The invention further relates to implants produced by the process of the invention, and in particular to vascular prostheses/vascular implants. Such vascular prostheses can be employed for example as small-lumen vessel substitute (diameter <6 mm), e.g. for coronary vessels or peripheral vessels, and as dialysis shunt or in pediatrics as concomitantly growing vascular implants.
Further advantages are evident from the description and the appended drawings.
It will be appreciated that the features mentioned above and to be explained below can be used not only in the combination indicated in each case, but also in other combinations or alone, without departing from the scope of the present invention.
Exemplary embodiments of the invention are depicted in the following drawings and are explained in detail in the following description. These show:
An adequate stability and suturability is conferred on the vascular implant 10 by the structured material component 14, which is present like a framework in the protein matrix. The pores 22, which extend in directed fashion, of the protein matrix 12 can be colonized uniformly with cells such as, for example, smooth muscle cells, and in vivo it is possible for cells to grow in from the surrounding tissue. On the other hand, the inner wall, or protein membrane 16, of the vascular implant 10 can be colonized with endothelial cells because the protein membrane 16 provides a suitable surface for formation of an endothelial monolayer.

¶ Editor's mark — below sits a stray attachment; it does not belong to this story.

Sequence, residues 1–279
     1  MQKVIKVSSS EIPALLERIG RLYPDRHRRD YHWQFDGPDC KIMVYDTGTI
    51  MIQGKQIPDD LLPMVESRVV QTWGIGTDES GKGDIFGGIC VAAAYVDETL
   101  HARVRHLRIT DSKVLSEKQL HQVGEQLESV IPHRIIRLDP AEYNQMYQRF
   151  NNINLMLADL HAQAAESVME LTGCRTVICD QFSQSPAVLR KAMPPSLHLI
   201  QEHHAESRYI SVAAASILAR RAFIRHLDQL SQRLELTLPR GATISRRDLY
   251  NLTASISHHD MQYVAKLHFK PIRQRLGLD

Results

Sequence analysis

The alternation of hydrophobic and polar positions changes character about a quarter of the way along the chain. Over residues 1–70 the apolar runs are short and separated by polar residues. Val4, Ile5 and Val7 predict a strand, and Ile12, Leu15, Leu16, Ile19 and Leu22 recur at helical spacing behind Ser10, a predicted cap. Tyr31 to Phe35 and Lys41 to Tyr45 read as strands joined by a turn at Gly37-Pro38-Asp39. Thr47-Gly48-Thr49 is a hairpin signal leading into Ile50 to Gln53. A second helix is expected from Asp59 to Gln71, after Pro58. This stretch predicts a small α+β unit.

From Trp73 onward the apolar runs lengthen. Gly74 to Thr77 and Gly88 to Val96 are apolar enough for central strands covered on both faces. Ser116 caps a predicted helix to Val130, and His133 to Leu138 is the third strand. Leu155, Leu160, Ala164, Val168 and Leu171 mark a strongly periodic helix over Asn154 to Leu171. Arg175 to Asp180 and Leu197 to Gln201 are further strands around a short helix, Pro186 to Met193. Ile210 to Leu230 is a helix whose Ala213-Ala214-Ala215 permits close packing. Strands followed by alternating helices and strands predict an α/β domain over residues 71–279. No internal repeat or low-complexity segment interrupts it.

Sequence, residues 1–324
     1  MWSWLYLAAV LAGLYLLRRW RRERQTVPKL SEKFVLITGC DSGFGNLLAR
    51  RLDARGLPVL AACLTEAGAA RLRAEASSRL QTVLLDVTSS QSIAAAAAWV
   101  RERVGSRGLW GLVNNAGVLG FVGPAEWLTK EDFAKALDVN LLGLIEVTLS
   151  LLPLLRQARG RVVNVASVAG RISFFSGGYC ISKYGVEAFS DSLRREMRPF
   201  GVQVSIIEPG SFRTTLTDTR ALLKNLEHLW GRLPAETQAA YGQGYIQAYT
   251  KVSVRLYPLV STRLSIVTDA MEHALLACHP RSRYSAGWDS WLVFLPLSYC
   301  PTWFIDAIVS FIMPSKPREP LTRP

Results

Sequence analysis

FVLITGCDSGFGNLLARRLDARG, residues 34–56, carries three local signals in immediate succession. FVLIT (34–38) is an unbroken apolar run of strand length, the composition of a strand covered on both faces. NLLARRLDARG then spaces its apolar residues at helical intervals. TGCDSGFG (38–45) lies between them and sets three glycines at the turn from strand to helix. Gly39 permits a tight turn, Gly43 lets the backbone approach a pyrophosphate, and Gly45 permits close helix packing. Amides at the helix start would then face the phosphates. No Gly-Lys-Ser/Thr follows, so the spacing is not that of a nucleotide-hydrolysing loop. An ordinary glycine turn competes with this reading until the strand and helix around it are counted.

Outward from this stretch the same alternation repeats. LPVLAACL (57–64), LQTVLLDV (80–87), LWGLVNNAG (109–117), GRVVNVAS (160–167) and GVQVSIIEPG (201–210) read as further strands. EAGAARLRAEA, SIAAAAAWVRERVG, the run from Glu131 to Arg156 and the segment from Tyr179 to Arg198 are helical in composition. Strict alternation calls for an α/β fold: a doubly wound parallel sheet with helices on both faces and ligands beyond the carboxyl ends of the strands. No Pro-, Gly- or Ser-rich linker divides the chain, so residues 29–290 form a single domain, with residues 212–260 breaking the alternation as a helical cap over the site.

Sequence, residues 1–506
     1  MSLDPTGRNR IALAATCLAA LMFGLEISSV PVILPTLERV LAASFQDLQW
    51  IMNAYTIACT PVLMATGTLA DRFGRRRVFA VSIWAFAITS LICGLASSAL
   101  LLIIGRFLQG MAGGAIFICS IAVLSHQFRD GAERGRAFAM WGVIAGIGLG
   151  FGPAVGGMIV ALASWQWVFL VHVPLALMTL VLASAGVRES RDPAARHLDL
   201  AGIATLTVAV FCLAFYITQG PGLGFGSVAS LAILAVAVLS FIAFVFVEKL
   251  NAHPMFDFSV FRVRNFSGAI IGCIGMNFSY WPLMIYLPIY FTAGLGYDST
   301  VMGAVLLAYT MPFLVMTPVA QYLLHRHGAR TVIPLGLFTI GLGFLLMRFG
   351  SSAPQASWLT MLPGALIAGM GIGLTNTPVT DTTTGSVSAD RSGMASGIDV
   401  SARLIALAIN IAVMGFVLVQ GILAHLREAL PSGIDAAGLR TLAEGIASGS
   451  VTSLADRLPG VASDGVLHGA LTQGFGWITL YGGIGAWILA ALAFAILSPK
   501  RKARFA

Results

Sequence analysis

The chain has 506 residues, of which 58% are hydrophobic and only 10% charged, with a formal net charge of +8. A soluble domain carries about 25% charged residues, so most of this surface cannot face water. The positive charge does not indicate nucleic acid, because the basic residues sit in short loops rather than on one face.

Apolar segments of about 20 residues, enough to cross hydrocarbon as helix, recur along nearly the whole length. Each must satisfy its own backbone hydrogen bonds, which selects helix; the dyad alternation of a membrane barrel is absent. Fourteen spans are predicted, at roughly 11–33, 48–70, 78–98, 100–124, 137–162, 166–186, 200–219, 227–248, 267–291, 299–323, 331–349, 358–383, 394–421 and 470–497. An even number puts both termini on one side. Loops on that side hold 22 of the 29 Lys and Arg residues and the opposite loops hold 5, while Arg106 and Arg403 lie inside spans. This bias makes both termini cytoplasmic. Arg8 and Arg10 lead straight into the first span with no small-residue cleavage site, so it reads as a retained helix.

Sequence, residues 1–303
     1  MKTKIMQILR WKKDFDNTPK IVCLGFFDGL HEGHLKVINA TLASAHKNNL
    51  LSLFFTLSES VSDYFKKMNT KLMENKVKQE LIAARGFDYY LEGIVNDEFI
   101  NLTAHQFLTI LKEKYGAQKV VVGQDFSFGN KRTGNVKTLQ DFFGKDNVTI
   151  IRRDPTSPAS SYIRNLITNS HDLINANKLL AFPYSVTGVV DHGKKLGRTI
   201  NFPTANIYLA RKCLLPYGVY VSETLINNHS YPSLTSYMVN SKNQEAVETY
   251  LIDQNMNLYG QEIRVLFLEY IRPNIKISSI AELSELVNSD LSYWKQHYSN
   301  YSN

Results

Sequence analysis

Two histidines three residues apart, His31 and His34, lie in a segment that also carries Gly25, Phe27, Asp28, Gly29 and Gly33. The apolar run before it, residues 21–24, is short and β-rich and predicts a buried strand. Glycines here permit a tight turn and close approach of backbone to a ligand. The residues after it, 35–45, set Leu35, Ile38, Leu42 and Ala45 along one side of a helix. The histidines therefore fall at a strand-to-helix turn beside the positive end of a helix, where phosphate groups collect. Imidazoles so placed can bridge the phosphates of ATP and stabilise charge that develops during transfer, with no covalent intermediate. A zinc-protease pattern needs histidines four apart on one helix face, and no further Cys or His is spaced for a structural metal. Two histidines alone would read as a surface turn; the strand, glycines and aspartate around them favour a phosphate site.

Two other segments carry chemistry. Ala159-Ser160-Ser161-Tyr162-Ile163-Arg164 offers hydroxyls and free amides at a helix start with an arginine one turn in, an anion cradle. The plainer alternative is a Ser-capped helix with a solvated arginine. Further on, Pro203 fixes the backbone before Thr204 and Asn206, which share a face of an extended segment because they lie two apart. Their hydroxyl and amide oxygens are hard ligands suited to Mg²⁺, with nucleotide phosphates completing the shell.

It is noted at this point that the vascular implant 10 shown in
It is possible by the process to produce implants with different layer thicknesses of the protein matrix. A particular temperature profile is applied in order to achieve a particular layer thickness of the protein matrix.
In this connection,
The use of the device is now shown by means of the example described below.
A wide-mesh textured polyester net was knitted, cleaned and shrunk by known processes. The polyester net in collagen suspension was completely deaerated in a desiccator.